Davos, Switzerland (CNN) -- French President Nicolas Sarkozy threw his weight behind Barack Obama's bank reform plan as he delivered his keynote speech at the 40th World Economic Forum at Davos Wednesday.
Describing the past two years of economic gloom as a "crisis of globalization," Sarkozy, said our vision of the world had failed us and that we must restore the "moral dimension" to our financial system.
"From the moment we accepted the idea that the market was always right and that no other opposing factors need be taken into account, globalization skidded out of control," he said.
Last week Obama proposed the biggest overhaul of Wall Street since the 1930s, with a plan that included limits to the size of banks and restrictions on riskier trading. The controversial reforms could force the restructuring of some of the biggest names in U.S. finance, including JPMorgan Chase and Goldman Sachs.
Obama promised that "never again will the American taxpayer be held hostage by a bank that is too big to fail."
But bank leaders gathering in the Swiss ski resort lined up to slam the proposals. "I've seen no evidence that suggests shrinking banks is the answer," said Barclays President Bob Diamond.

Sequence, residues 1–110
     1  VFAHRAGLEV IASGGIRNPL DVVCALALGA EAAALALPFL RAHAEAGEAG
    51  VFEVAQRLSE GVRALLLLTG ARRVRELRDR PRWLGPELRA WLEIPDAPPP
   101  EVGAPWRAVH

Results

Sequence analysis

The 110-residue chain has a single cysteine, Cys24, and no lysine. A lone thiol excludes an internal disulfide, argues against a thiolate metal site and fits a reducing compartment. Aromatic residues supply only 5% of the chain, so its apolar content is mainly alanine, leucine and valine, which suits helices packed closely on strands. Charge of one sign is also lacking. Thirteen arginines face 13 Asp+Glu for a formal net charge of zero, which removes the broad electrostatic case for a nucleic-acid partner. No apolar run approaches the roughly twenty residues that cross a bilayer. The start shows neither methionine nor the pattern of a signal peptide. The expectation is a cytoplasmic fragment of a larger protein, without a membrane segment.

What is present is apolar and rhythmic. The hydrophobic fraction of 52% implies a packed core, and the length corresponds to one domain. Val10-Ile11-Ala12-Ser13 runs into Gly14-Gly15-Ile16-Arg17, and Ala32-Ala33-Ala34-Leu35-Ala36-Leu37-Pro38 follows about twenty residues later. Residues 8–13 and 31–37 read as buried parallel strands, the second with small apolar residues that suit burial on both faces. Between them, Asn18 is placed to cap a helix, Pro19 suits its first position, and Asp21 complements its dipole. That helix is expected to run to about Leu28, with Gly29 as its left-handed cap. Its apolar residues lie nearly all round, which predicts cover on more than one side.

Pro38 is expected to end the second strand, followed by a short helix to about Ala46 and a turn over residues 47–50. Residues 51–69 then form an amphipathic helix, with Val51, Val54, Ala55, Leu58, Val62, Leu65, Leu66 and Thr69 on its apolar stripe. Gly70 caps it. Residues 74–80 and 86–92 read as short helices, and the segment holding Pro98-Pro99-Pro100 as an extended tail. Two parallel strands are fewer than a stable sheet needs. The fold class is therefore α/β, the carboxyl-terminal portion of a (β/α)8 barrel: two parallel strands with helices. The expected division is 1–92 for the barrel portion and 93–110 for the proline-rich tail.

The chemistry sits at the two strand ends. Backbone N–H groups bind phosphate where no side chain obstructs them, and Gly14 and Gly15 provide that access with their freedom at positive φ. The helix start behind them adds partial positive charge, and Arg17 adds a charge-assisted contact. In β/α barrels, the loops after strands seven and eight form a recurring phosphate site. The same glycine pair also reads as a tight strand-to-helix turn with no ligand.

"If you step back and say large is bad, and we move to narrow banking, the impact of that on banks and on global trade, the global economy, would be very negative."
A poll by PriceWaterHouseCoopers released in Davos, revealed that 60 percent of CEOs are "extremely concerned" by the threat of over-regulation, with a further 27 percent describing it as the biggest threat to business group.
But Sarkozy told delegates that the risks are too great if "we do not change the regulation of our banking system and the rules for accounting and prudential oversight."
He added that "there are remuneration packages that will no longer be tolerated because they bear no relationship to merit." He dubbed it as "morally indefensible" when companies that "contribute to destroying jobs and wealth also earn a lot of money."
He then directed his wrath at "reckless free trade and currency manipulation," as he acknowledged Obama's appeal for banks to be dissuaded from engaging in proprietary speculation or financing speculative funds.